Although Nationwide’s optimistic report that house prices rose by 0.9% in March was quickly cancelled out by Halifax’s assertion that prices fell 1.9% in the same month, estate agents say that activity and interest from potential buyers is increasing.
They may be cash buyers rather than borrowers who have been able to obtain big mortgages from reluctant lenders but there’s a growing feeling that property bargains are there for the taking.
Of course, I’m not for one moment suggesting that this is the beginning of a sustained recovery in the market, nor will I use the term ‘green shoots’ that everyone about at times like this.
But there are some signs that confidence is slowly returning.
Nowhere is this more succinctly summed up than in Savills’ research on prime residential markets in London and the rest of the UK, which is out this month.
The estate agency was one of the first market commentators to speak frankly about the housing downturn and forecast that house prices had around 25% to fall from their peak in 2007. That forecast has since been tweaked to a 30% decline.
So although it is an estate agent it cannot be accused of simply talking up the market.
The good news contained in the research is not just the usual optimism displayed by estate agents and is worth a read.
The report states that the rate at which capital values in central London are falling slowed significantly in Q1 2009, suggesting that the worst of the price decline could be over.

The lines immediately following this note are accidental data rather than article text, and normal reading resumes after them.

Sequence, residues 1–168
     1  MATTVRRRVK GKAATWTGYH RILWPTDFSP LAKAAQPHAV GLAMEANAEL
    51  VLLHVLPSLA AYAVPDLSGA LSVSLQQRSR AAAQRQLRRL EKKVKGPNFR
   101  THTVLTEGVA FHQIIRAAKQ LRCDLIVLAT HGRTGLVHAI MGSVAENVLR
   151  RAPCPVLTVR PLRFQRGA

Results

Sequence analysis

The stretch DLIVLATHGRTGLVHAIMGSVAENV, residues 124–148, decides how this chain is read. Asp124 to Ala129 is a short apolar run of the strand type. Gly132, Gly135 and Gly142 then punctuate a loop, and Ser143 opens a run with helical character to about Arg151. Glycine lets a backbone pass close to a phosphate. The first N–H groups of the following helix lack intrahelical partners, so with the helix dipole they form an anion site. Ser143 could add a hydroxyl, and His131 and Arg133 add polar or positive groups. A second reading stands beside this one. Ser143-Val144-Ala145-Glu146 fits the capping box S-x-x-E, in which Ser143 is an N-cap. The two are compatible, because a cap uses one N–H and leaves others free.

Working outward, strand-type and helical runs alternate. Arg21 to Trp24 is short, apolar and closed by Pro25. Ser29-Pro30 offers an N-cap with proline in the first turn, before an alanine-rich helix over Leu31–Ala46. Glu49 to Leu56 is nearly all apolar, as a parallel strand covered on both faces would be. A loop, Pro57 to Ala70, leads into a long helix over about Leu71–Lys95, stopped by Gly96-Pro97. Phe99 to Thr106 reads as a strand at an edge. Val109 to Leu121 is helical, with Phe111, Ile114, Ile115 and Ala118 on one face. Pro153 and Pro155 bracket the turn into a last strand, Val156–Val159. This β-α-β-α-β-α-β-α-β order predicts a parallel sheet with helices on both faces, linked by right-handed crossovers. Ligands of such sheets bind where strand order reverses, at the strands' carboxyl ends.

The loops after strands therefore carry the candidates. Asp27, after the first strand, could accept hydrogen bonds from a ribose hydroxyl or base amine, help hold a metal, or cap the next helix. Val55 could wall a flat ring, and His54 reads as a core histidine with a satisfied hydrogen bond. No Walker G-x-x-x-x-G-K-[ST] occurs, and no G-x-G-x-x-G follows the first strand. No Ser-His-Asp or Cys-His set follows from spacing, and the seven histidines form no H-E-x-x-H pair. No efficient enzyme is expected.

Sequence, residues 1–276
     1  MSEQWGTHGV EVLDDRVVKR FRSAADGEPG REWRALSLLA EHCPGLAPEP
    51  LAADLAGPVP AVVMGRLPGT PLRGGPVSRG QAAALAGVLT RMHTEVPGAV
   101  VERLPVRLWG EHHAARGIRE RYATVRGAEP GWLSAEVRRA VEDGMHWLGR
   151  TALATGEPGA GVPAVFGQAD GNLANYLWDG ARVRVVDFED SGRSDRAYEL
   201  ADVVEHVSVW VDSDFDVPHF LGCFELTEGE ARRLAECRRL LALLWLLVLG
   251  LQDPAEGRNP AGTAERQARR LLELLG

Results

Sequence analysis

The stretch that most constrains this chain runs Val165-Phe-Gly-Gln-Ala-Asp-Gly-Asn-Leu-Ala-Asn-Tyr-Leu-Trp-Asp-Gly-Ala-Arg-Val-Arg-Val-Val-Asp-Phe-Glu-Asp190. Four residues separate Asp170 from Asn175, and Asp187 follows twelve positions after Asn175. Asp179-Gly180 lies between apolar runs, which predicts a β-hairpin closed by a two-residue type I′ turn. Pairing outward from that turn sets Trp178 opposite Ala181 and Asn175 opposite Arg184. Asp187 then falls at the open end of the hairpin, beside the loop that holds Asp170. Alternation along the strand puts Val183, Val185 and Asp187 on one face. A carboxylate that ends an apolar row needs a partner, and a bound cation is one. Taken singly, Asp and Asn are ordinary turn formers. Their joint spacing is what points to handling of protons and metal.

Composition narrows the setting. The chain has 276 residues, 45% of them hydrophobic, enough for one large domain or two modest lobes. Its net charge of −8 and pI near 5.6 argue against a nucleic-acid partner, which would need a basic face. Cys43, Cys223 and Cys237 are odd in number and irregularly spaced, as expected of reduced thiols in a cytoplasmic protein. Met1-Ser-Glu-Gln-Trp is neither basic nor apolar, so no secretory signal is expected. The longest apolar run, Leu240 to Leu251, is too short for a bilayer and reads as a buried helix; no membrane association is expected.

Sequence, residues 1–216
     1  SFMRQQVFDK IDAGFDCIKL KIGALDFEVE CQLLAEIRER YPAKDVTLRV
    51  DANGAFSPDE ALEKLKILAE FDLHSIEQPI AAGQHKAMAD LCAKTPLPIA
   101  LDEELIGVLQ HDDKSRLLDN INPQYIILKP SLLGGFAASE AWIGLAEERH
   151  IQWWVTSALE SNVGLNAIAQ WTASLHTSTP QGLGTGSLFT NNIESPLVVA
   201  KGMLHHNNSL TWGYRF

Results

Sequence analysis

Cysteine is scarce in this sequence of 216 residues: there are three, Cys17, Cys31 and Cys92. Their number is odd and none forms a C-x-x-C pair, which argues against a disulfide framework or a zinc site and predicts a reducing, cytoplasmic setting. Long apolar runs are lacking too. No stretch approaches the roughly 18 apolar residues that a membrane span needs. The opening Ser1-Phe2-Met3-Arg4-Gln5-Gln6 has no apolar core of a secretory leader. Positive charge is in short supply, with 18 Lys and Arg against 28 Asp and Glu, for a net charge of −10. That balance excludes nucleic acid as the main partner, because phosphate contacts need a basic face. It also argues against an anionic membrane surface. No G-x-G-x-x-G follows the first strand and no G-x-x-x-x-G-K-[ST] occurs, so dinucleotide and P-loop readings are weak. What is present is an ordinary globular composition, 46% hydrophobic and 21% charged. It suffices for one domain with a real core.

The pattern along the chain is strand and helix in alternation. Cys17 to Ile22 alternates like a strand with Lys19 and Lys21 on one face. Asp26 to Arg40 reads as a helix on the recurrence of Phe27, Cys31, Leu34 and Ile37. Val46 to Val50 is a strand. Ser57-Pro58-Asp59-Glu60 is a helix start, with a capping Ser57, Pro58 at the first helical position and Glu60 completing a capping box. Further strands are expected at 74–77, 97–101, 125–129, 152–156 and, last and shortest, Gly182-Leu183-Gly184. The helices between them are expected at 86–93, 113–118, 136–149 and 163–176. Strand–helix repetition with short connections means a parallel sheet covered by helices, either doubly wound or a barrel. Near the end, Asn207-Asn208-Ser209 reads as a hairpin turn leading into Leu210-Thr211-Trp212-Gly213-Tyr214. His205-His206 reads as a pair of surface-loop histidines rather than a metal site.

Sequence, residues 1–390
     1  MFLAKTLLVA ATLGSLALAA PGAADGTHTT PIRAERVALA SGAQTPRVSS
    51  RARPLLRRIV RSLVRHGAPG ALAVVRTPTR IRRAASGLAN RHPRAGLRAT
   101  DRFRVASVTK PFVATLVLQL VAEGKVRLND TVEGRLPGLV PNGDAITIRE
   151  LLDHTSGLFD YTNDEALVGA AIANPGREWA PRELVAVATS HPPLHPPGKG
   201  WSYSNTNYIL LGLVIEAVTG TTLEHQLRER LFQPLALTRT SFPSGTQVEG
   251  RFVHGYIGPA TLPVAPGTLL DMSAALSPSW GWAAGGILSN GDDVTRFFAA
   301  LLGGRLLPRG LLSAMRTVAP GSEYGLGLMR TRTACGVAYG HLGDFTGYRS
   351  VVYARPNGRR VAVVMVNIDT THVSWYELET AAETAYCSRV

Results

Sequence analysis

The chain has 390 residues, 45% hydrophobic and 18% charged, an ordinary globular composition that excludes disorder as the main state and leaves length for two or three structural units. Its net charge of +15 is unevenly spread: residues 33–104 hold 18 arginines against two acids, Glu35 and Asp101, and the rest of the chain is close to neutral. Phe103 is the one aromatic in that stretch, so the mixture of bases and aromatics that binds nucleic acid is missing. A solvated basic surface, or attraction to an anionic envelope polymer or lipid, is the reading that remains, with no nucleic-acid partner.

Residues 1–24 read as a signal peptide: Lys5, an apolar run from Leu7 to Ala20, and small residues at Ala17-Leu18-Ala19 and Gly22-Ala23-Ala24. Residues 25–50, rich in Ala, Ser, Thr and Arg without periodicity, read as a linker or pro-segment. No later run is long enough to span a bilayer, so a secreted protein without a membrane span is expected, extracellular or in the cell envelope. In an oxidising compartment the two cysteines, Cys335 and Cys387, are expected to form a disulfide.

Further falls are expected throughout this year but at least the freefall we have experienced seems to be ending.
So we have not reached the bottom of the market but buyer registrations in prime London markets have doubled in the past quarter, with deals agreed rising to levels not seen since March 2008.
Deals are settling at price levels some 25% to 30% off their peak, with a shortage of stock beginning to become apparent.
The report shows that falls of this magnitude are sufficient to motivate domestic buyers driven by need.
There are still problems. The tough outlook for the global economy and widespread job losses leads Savills to delay calling the timing of a recovery.
But it stands by its forecast of total price falls.
Values will take a while to recover, with prime central London prices set to pick up towards the end of next year, followed by the regions in 2011/12.
We are not out of the woods yet as transaction volumes remain low and turnover is significantly curtailed but at least the situation is less gloomy than it was six months ago, providing a glimmer of hope which will be welcomed by many.